Public Library Acquires Archive of Gay and Lesbian Rights Pioneers

The New York Public Library has acquired a major archive of letters, photos, manuscripts, publications and other materials accumulated by Barbara Gittings and Kay Tobin Lahusen.

The New York Public Library has acquired a major archive of letters, photos, manuscripts, publications and other materials accumulated over decades by Barbara Gittings and Kay Tobin Lahusen, two pioneers in the LGBT civil
rights movement.

Gittings, an activist, editor, and writer, died in February at age 74. She is survived byher life partner, Lahusen, a photojournalist and author.

The Barbara Gittings and Kay Tobin Lahusen Gay History Papers and Photographs will reside at the Humanities and Social Sciences Library’s Manuscripts and Archives Division on 5th Ave. and 42nd St. This world-class repository includes among its collections an extensive range of materials documenting the history of gay and lesbian organizations and individuals.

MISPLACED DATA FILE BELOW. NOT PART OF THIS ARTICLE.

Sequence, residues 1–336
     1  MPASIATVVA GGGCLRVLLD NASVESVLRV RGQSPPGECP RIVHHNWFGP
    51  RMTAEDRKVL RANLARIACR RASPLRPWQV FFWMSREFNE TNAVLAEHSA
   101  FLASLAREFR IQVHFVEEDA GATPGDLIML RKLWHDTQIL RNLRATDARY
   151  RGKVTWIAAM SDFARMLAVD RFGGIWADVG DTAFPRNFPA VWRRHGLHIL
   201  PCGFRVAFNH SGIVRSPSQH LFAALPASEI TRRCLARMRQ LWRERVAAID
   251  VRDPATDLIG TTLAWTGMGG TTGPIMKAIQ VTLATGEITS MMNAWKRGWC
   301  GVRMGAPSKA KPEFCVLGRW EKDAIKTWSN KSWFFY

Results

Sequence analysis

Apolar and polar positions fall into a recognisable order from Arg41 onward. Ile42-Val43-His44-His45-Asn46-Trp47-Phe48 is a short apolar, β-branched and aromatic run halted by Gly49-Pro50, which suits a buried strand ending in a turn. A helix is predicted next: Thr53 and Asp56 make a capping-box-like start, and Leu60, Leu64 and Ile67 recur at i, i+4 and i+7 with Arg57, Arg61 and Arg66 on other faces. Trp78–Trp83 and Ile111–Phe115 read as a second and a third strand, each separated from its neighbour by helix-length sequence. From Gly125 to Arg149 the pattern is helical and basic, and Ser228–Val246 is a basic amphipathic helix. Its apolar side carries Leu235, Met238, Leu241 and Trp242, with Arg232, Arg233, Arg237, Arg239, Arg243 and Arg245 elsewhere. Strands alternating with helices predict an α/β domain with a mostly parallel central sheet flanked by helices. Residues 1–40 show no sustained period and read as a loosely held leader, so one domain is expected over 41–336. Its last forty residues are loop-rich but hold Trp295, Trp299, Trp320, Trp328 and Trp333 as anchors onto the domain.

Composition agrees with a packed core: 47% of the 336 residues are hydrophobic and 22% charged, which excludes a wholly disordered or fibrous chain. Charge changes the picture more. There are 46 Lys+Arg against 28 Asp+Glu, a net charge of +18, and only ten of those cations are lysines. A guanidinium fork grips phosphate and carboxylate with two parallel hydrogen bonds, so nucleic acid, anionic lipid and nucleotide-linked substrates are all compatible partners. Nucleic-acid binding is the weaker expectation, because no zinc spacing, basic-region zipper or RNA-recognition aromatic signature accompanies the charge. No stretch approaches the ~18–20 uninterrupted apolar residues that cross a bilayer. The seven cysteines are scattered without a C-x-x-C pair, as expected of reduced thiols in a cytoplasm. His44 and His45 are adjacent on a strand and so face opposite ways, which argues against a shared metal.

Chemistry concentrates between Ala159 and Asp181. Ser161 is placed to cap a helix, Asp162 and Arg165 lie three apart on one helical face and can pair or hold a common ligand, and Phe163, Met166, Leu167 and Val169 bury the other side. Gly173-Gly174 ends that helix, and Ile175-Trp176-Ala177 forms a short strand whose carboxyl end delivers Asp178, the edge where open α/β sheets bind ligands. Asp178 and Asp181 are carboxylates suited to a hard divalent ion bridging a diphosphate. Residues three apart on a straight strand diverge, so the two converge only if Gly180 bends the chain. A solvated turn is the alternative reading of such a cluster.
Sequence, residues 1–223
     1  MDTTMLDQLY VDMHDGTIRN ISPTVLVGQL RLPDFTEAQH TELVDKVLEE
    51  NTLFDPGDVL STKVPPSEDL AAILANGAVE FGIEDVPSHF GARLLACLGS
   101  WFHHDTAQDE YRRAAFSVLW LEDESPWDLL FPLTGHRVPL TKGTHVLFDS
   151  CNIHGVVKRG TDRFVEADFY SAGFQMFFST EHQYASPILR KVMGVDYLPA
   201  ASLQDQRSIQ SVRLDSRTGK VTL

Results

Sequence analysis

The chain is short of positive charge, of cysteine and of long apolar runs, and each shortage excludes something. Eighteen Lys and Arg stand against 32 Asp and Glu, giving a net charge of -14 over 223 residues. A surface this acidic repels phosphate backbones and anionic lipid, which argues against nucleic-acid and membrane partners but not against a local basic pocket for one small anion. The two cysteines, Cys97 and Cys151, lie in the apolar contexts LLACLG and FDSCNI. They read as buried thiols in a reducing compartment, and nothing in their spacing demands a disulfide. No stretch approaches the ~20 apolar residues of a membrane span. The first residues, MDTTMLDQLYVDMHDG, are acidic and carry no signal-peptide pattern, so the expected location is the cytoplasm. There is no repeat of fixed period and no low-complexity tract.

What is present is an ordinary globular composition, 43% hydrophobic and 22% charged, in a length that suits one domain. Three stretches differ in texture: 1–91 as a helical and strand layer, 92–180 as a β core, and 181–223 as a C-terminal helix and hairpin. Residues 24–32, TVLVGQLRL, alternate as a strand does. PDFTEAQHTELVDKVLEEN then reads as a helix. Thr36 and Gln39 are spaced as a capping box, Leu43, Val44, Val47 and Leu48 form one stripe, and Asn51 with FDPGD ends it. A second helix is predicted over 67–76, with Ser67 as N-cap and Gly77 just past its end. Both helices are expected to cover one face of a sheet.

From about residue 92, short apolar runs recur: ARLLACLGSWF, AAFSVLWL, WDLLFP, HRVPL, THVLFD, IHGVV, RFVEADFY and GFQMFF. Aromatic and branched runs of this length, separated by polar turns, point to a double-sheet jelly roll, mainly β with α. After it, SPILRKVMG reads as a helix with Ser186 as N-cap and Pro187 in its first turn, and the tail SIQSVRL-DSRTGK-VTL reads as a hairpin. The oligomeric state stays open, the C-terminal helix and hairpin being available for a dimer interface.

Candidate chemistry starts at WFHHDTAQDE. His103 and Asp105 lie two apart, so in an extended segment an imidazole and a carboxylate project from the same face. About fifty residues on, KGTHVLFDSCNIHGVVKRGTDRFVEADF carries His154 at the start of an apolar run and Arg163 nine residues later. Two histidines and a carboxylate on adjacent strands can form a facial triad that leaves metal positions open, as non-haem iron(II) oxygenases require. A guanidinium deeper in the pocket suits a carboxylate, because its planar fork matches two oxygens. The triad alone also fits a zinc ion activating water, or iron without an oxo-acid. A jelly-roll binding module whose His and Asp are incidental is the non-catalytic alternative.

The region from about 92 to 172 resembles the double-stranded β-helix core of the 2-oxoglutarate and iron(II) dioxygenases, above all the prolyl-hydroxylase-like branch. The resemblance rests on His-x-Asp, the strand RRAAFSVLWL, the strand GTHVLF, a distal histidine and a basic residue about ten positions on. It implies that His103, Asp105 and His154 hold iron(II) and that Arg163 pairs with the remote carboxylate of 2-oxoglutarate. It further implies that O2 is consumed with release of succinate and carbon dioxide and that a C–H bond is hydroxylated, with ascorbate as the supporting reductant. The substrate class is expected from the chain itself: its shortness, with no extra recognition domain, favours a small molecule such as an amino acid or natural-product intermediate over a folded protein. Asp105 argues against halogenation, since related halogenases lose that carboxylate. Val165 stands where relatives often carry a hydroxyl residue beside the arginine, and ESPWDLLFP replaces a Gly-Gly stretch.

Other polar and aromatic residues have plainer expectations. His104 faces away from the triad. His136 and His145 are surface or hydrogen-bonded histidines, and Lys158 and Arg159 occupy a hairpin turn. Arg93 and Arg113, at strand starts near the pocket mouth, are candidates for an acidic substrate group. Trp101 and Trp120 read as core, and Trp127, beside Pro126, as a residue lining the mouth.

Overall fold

Gittings’ papers document her founding in 1958 of the East Coast chapter of the Daughters of Bilitis, the first national lesbian rights organization, established in San Francisco in 1955, and her editorship of its publication, The Ladder, from 1963–66. Other materials highlight her participation in numerous gay rights organizations over the years and her crucial work with religious leaders, mental health professionals and the library community to change public attitudes toward homosexuality. She helped influence the American Psychiatric Association’s decision to remove homosexuality from its list of mental disorders in 1973 and she promoted the inclusion of gay and lesbian books in library collections.

The extensive photographic collection by Lahusen documents gay and lesbian activism, from images of early pickets, portraits of women for covers of The Ladder, and photos chronicling protests, parades and political campaigns through 2005. Also included are her files and oral histories used in the preparation of her book, The Gay Crusaders (1972).